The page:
Additionally, in markets such as China and most emerging markets, integrated services such as NFC related payment services, navigation, local news and search, and a clear support plan as it seems to be the case with WP8 now, will be a big differentiating factor towards a much faster adoption of WP8. Note that these markets are the markets making more use of mobile payments. The integrated passbook and wallet in WP8, NFC along with better security puts WP8 as a go to platform for any financial service provider with a long term plan compared to Android and the current model offered through iOS.

    Will this translate into record sales? I think so initially. However, due to unsubsidized handsets, the renewal process may not be yearly and we could easily see WP8 rise very fast but peak due to these bi-annual or triannual renewal cycles.

    Kind regards,
  • Good times ahead for Nokia.

    Lumia 920 is impressive and has the best Camera and a much superior WP8 platform. My useless bloggers and sites may play the app card to trash WP8, but If Nokia can follow up with some more killer devices like 920, they can easily be the king of smart phones once again. For WP8 platform MS needs partners like Samsung doing a full hearted job, so far their Ativ is a no-show.
    • Good times?

      For whom? Microsoft, spyware on every device, is not my idea of a good time.
      "You may submit certain information about yourself (for example your name, e-mail, and phone number) and we may automatically collect other information in connection with the services. This information may also be analyzed and used to develop and improve features and services offered on the phone and other Microsoft products and services, unless more limited purposes are specified in the Specific Features section below. "

      Windows phone 7 sent WiFi data back to Microsoft, and it looks as if Windows phone 8 does the same. Why does Microsoft need all the MAC addresses of WiFi hotspots, Cell tower locations, and GPS coordinates? Why are they all tied to a "Unique" identifier on the specific phone? So they can track your every movement. If you've seen The Minority Report, that's the future Microsoft has in mind, except the Police would be under the Direction of Microsoft, and using Non-Microsoft approved hardware (and software) would be illegal.
      Troll Hunter J
      • You're sad

        This is what you choose to attack MS on? Like Apple and Android aren't as bad or worse with the information they gather and track.
      • Thats a horrible argument

        Knowing the fact that Google is notorious for data collection... Same with Apple. Read the info that Apple collects as well.
  • I waited for WP8 & the 920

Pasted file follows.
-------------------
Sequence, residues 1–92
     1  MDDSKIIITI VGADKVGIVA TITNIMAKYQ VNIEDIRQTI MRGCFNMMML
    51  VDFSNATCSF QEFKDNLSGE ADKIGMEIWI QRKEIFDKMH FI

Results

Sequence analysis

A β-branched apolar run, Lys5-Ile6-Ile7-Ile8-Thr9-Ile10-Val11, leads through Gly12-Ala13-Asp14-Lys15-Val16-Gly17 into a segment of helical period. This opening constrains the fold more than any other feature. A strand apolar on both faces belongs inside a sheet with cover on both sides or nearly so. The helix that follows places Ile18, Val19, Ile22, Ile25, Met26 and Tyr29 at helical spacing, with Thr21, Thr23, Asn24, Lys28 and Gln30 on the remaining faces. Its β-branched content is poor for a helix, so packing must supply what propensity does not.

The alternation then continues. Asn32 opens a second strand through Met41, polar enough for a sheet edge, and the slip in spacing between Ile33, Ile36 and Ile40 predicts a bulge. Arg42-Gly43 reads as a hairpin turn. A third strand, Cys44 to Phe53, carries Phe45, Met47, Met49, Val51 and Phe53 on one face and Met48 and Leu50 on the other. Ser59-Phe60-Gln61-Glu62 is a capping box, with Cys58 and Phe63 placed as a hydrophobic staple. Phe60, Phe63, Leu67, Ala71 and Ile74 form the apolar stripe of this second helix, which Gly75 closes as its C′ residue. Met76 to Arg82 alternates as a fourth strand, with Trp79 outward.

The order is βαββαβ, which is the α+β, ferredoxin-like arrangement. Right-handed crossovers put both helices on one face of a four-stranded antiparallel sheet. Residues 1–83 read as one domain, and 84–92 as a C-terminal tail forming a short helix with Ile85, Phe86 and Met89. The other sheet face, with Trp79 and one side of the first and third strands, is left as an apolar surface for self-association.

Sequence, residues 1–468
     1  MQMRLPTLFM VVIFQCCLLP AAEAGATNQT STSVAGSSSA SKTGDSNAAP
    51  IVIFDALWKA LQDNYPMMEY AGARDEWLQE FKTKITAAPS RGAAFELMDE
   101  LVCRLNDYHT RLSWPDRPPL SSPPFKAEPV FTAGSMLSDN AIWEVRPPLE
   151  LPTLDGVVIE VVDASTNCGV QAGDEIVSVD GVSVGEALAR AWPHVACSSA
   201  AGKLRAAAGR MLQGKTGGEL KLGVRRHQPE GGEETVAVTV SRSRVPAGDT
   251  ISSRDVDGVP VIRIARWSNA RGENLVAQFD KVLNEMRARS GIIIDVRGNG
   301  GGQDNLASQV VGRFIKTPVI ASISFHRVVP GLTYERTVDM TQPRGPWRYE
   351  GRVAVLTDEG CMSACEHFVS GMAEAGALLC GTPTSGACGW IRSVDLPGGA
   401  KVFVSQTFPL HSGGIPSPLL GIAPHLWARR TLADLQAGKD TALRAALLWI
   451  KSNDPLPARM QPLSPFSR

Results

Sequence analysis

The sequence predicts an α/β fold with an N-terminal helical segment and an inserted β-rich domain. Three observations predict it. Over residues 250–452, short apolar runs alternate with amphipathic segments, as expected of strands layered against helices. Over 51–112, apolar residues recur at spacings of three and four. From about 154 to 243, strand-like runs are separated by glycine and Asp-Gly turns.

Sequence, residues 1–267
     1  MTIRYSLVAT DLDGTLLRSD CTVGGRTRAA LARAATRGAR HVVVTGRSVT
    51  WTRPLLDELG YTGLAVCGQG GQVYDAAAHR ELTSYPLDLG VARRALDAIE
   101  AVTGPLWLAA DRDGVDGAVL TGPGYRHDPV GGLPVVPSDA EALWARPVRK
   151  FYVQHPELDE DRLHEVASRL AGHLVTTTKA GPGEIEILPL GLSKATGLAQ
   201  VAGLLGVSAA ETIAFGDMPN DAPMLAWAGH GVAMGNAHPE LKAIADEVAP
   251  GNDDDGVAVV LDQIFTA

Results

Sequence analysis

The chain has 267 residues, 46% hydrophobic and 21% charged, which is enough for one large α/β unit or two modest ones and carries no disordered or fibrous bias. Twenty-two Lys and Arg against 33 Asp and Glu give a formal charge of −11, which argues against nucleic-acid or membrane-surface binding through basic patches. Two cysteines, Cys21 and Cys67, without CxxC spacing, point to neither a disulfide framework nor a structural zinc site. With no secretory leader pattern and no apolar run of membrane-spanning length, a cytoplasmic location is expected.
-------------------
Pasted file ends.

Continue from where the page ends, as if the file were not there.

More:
I hung on to my old iPhone way past its upgrade point because I was waiting for the release of Windows 8, Windows Phone 8 & the Nokia Lumia 920. I now have windows 8 on my core i7 (non touch) Sony vaio and it is brilliant. It only took a few days to get used to the different layout and I am whizzing round it as easy as anything. It is fast, it is smooth and I love the new start menu - brilliantly simple, yet powerful as I need it to be. I have just got the Nokia Lumia 920 and it is a superb piece of hardware and Windows Phone 8 is smooth, fast and brilliantly simple. I loved my iPhone for what it did but Windows phone 8 & Nokia are in a different league altogether. Not everybody will agree with me - but choose a phone that suits you. I hope that it will take off - but I'm not going to judge it just yet - as there is not enough data in. Wait a few years and see.
  • Will the Nokia, Microsoft tag-team on China save Windows Phone?

    Microsoft Windows Phone is doing just fine so it doesn't need saving. This tag team will definitely increase sales for both companies and I'd like to see it become more popular and get a few more apps into the store.
  • The comments are more insightful & accurate than the article...

    Once again, Zack leaves out important facts or relies on old data, and then makes assumptions based on that data. It's exhausting trying to correct every story from this guy. Thank goodness others have done it for me in some of the comments above. *sigh*
  • Do the 3rd quarter results show a drop in gross shipments for WP?

    Or just in market share, i.e. the market as a whole grew, WP shipments grew (but not as quickly as iOS/Android)?

    Those are two very different pictures.

    Don't get me wrong, I hope it goes down in flames, but you have to interpret statistics correctly.